Trump supporters don’t care about hush money trial. They told me so


Trump clearly dreads the notion of Americans hearing the sordid details of 34 felony charges stemming from the alleged affair with a porn star, all while his wife had just given birth to his child.

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SCHNECKSVILLE, Pa. — Donald Trump’s most fervent fans offered a variety of views when I asked if they believed he had sex with the porn star and adult film director known as Stormy Daniels – from “possibly” to “hell no” to “that’s nobody’s business.”

Those loyal supporters spoke with more certainty when asked if they were concerned that Trump paid her $130,000 in “hush money” during the 2016 presidential campaign to keep quiet her account of their alleged tryst.

They just don’t care, they told me at a Trump campaign rally Saturday in Schnecksville, a village of 3,300 residents in Lehigh County, about 10 miles northwest of Allentown.

Monday morning in New York City, Trump will become the first former president to face criminal trial, accused of business fraud to disguise that $130,000 as legal fees, which a grand jury considered a federal campaign finance law violation because of its potential impact on the 2016 election.

Trump’s supporters at his rally Saturday were, for the most part, convinced he can’t receive a fair trial in a city that made him famous as a real estate developer with a penchant for breaking the rules.

Trump took the stage Saturday evening knowing the crowd was more than willing to see him as a victim of his criminal prosecution. But he must also know the people who don’t attend his rallies – voters he needs in November – will now spend weeks hearing things about him that he always wanted kept quiet.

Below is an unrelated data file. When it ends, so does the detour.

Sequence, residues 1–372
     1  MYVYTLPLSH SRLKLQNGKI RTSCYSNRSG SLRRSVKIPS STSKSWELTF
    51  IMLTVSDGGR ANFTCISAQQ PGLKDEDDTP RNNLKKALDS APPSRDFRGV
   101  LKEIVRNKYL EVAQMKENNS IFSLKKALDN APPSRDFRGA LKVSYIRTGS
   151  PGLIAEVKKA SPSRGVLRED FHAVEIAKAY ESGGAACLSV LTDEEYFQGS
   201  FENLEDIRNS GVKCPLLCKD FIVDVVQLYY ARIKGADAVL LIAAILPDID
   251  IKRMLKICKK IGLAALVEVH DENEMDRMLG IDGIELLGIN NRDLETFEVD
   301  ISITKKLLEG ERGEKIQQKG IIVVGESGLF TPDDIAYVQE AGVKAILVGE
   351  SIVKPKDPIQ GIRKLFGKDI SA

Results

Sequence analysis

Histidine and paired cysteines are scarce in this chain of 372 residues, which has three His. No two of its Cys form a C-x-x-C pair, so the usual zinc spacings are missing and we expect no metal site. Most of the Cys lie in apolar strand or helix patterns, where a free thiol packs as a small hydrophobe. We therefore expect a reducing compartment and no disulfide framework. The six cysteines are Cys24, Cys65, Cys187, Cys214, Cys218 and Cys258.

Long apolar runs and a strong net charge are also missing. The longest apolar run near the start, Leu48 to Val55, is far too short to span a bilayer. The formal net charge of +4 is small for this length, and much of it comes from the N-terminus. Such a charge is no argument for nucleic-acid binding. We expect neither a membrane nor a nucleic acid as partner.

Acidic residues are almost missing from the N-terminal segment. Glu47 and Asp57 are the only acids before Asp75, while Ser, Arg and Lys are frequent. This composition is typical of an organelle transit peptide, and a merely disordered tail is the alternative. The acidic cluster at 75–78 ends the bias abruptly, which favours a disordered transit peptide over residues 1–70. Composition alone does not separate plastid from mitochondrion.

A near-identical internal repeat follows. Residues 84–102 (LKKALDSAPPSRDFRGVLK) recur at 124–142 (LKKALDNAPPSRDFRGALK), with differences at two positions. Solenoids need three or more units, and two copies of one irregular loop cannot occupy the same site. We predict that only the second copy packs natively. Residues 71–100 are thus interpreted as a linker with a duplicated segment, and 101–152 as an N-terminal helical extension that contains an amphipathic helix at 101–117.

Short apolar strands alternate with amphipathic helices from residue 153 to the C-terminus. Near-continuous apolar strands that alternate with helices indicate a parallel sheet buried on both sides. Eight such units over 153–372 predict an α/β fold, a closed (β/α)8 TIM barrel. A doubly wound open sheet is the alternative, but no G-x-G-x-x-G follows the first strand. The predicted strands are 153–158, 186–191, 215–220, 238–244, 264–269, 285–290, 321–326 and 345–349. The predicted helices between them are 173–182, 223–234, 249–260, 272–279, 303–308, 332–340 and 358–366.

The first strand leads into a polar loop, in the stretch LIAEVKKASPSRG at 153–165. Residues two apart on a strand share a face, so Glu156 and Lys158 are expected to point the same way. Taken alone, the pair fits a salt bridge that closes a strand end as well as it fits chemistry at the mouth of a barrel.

Trump supporters proudly defended their candidate

Larry LoSchiavo of Mount Pocono sells Trump banners and other flags, flying them from racks atop his pickup. He thinks its possible Trump had sex with the porn star.

“That’s a big question mark because he was a playboy before he became a president,” LoSchiavo told me Saturday. “What’s the deal? It’s no different than someone going out with a hooker in New York City.”

Julie Hess of Bethlehem was among the thousands of people, some who waited more than 10 hours on a damp and windswept field, to hear Trump speak.

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Donald Trump ‘hush money’ trial starts this week

Julie Hess, of Bethlehem, Pa., talks about the accusations Donald Trump will face in court.

“First of all, that’s nobody’s business,” Hess told me when I asked about the affair Trump denies having. “That’s not what makes our country run. He was a good president. The fricking Democrats are all liars. And all they keep doing is bringing stuff up that’s not true for stupid people to believe in.”

Debbie Lee, who lives near Scranton, cited a 2018 affidavit Daniels signed that said she and Trump never had sex.

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Daniels renounced that affidavit not long after it was made public, saying she thought the nondisclosure agreement she had with Trump required her to sign it, while denying that it was accurate.

“I don’t think he gave her money to stay quiet,” Lee said. “I think he gave her money because she was a thorn. She was a pain. Sometimes people do that, they go after wealthy, important and popular people and they make stories up and they threaten you.”

Lee was one of the few Trump fans who thinks he can prevail in court in New York. She’s hoping a Republican or two on the jury swing it his way. “All he needs is two jurors,” she said.

Trump’s speech encouraged followers to watch ‘communist show trial’